Most women, and most of my peers, would think that I am living the dream. I am a young Christian woman currently living in a society that also elevates the attributes of my external appearance-- my hair, skin and eye color all set me apart-- and, as a result, I can't walk down the street without men screaming at me "What God has given" "Oh, my eyes" "Hello, Beautiful!", following me and other ways objectifying me. It took about a day of it to be reoriented with the deep craving I think we all have as women to be looked at and identified as beautiful, but beautiful as a soul and as a spirit. It's been a difficult but beautiful journey to reframe my thought process, so please, keep up the good work and don't give up hope on reframing your concept of beauty! We can all do this together! And, I must add, I think you said it perfectly... we all may have different standards of beauty but "we share the same eternal struggle—unobtainable standards of beauty." Thank goodness we have a different source of beauty to strive for, one that Eternally looks into us, despite our deepest secrets and sins and still says "Hello, Beautiful Daughter. You shine for me today and I love you"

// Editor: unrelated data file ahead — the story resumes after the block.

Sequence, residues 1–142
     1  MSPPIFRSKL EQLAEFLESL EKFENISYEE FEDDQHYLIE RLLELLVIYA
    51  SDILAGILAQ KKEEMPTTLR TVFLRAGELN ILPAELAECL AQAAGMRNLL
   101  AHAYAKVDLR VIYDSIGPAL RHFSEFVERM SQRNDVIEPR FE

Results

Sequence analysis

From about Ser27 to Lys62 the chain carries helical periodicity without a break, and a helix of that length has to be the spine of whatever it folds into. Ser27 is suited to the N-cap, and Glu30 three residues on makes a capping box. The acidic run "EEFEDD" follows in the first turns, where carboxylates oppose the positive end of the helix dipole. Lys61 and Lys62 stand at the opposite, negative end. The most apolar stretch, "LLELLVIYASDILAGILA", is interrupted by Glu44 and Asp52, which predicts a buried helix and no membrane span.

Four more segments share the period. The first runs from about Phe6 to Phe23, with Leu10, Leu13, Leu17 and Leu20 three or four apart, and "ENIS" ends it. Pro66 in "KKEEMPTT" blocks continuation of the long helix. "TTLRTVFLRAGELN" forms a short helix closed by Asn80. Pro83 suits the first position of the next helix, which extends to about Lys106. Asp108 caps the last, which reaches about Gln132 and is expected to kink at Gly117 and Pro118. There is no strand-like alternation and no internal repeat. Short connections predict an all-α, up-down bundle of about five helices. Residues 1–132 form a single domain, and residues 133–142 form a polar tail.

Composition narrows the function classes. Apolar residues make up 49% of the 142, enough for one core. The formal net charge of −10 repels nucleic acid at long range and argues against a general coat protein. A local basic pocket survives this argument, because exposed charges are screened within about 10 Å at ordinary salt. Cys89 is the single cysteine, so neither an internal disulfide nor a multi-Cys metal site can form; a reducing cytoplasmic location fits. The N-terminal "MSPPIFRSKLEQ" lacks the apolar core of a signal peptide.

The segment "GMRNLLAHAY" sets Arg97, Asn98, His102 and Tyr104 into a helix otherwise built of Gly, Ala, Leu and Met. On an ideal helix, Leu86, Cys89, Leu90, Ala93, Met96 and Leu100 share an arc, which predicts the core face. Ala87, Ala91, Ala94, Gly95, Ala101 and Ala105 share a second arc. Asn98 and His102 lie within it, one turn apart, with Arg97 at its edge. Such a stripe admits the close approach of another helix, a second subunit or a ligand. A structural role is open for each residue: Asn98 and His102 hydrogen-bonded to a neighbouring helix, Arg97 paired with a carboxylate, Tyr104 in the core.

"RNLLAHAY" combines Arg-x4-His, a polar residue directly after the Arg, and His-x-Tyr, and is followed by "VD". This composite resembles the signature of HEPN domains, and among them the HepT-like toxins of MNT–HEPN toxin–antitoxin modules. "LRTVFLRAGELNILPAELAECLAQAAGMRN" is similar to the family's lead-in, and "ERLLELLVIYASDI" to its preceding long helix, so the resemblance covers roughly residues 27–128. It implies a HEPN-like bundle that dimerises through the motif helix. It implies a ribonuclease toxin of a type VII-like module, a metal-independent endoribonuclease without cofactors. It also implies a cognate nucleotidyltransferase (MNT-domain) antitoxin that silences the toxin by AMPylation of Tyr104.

Both this post and the comments left here have been a significant blessing to me. I am very young looking for my age and find that I've gotten into a mindset of trying to keep up this appearance, scrutinizing my clothes, my makeup, my hair style. Then I turn around and think of all the women I trully admire the most and they are all women that are older than me. Not one person I trully admire and deeply respect is because she has an outward beauty even if she does, it isn't for that reason. This reminds me that as I go about submiting before the Lord for Him to do His will in me to make me the beautiful woman He desires both on the inside and out, I've a perpetual journey to lay down my all of me to Him that I pick up His good pleasing and perfect perspective on what makes me the woman I am meant to be.

I am a Filipino and I agree with you, "Don’t let our culture’s standards define you." why most of the people in our country use to criticize you by your outside appearance by our culture’s concept of beauty. I envy those American Culture who has freely and proud on their self what ever they looks like. I even got on a point that I was degrading myself comparing it to others by merely looking at them, my complexion, my height, my face structure.. perhaps I need to have re-education on beauty.

vernice